Another Apocalyptic X-position dump but, like, with cool helmets and stuff.
While this issue was basically in the exact same unfortunate vein as the last, there were a few scintillating highlights, so I’ll turn those to the light before re-covering my already-plowed ground.
The art was amazing. Mahmud Asrar is a master of his chosen form, and every panel of this issue was threaded with nuance and detail. The Helmet of Annihilation was beautiful and creepy all at once, there were countless echoes, within the architecture of Arakko, of the Krakoa we know, and I don’t believe that I’ve ever seen so much real expression on Apocalypse’s face. I could look at Asrar’s art, happily, for hours.
It was interesting (if predictable) that Apocalypse was considered ‘too weak’ by his family. It makes his determination to make Mutants stronger far more believable. But the easy psychology of Hickman’s choice, while superficially adequate, falls apart under the weight of any scrutiny. It undoes all of the work that this era has done for him to reduce his drive to a mere inferiority complex.
Placing Mutants, as a separate race from humanity, dating back centuries, needlessly complicates the story of the X-Men. How are they ‘the next step in human evolution’ if they’ve been around as a separate thing from the beginning of the species? Why are they born to regular humans at all? This retcon obfuscates the entire line.
Genesis, for her part, seems interesting. It will be fun to find out what has happened to her after millennia of wearing (being possessed by) the mask of Annihilation.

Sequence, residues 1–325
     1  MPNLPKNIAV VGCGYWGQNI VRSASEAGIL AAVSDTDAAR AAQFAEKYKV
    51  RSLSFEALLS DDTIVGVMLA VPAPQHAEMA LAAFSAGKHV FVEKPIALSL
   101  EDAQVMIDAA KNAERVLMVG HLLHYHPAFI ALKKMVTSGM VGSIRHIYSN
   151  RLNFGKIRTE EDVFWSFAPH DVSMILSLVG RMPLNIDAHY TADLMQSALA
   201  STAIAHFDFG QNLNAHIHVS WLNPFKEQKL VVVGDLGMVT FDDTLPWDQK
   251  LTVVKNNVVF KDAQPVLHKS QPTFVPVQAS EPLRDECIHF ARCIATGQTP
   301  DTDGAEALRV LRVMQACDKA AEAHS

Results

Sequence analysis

It will also be interesting to see how the third reflections of Krakoa (the priest and the warrior from Annihilation’s realm) are going to ‘test’ the other realms involved in this fight.
Now all of this was very interesting, but the issue is still an infodump, designed to fill in the backstory so that the other books will have to do less work. This is frustrating (if not infuriating) because editorial has already stretched this story out to about twice the length it should be, creating a great many filler issues, in an effort to squeeze a bit more money out of their fans. This would have been a more pleasurable read, a better story, if this information had been woven into the other books in a more organic way. As it stands, it’s a frustrating read, saved only by the quality of Asrar’s art.
This is a frustrating infodump of an issue, partially redeemed by exquisite art.
X-Men #13: Family Ties (X of Swords Part 10)
Writing - 6/106/10
Storyline - 7.5/107.5/10
Art - 9.5/109.5/10
Color - 9/109/10
Cover Art - 9/109/10
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